The Legacy of Wijayarajasa: Unveiling the Mysteries of Surawana Temple

The Majapahit Kingdom, one of the greatest empires in Indonesian history, left behind a rich legacy of civilization. Among the remnants of this empire are the pendharmaan temples, sacred buildings dedicated to the worship of Hindu and Buddhist deities. One such temple, the Surawana Temple in present-day Kediri Regency, East Java, stands out as a unique and magnificent example of Majapahit architecture and religious devotion.

The Surawana Temple is believed to have been built as a pendharmaan temple for Wijayarajasa, also known as Bhre Wengker, the uncle and father-in-law of King Hayam Wuruk. Despite his relatively minor role in Majapahit historiography, Wijayarajasa’s temple is grand and elaborate, raising questions about his significance and the reasons for the temple’s construction.

According to historical texts, Wijayarajasa played a pivotal role in supporting Gajah Mada’s plan to slaughter the Sundanese-Galuh Kingdom convoy during the Bubat Incident. This act of political intrigue and violence, while controversial, may have contributed to Wijayarajasa’s elevation in status and the construction of a grand temple in his honor.

The Surawana Temple’s architectural design reflects the Shaivite Hindu religious style, with a layout resembling a square of 7.80 square meters. Despite the temple’s current state of ruin, its grandeur is evident, with relief panels depicting scenes from various stories, including the Arjunawiwaha, Bubuksah-Gagangaking, and Sri Tanjung narratives.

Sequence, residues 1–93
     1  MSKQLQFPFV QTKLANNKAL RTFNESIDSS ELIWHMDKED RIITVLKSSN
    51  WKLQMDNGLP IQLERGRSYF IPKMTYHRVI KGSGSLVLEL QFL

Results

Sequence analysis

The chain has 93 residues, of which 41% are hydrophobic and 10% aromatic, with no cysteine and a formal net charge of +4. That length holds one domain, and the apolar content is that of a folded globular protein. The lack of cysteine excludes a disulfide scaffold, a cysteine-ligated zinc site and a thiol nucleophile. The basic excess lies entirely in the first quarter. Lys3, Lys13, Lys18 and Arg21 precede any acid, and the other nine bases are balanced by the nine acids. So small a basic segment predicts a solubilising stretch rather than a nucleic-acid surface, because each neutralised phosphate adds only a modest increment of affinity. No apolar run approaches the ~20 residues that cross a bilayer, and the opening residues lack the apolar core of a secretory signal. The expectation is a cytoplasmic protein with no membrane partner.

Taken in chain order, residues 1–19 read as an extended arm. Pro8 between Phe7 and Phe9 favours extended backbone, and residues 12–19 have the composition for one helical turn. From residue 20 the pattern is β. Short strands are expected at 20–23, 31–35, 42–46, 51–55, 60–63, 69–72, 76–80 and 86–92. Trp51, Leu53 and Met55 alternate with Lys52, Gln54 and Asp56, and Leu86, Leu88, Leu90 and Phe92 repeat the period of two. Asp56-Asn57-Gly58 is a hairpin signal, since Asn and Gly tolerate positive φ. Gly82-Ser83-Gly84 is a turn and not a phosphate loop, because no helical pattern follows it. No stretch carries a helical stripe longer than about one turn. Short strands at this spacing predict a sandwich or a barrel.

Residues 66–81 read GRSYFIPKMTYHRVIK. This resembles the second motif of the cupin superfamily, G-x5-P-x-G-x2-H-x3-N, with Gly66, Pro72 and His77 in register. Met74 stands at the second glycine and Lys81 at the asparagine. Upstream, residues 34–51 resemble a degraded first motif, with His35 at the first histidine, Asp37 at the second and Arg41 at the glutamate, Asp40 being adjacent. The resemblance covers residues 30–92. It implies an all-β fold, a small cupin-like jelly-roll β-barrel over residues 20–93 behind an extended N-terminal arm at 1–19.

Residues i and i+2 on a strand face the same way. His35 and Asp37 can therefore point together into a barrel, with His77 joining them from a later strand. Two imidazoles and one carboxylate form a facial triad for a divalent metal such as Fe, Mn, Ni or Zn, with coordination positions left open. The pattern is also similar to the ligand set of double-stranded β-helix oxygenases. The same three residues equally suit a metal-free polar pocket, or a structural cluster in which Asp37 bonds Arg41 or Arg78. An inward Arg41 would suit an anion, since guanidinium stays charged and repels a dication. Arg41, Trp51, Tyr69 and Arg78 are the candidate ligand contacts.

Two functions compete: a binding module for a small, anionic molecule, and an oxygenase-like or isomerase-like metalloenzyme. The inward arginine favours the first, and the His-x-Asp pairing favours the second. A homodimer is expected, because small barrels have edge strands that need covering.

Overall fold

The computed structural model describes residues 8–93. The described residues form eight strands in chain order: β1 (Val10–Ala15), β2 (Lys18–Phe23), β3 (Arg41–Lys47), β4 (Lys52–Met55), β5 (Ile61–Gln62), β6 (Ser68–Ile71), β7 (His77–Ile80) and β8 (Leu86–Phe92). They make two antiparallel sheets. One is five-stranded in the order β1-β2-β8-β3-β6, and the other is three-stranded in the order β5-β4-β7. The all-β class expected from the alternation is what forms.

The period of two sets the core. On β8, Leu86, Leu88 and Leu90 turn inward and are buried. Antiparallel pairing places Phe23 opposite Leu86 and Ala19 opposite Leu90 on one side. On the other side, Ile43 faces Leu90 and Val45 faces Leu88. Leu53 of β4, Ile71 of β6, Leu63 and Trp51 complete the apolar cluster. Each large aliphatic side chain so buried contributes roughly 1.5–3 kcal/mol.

The presence of a serpent statue in the temple courtyard, although now missing, adds to the temple’s mystique and significance. The Surawana Temple’s unique features and its association with Wijayarajasa highlight the complexity of Majapahit society and its religious practices.

In conclusion, the Surawana Temple stands as a testament to the rich cultural and religious heritage of the Majapahit Kingdom. Its construction and significance shed light on the lesser-known figures of Majapahit history, such as Wijayarajasa, and the intricate religious beliefs and practices of the time. As we continue to uncover the mysteries of the Majapahit Empire, the Surawana Temple remains a symbol of its enduring legacy.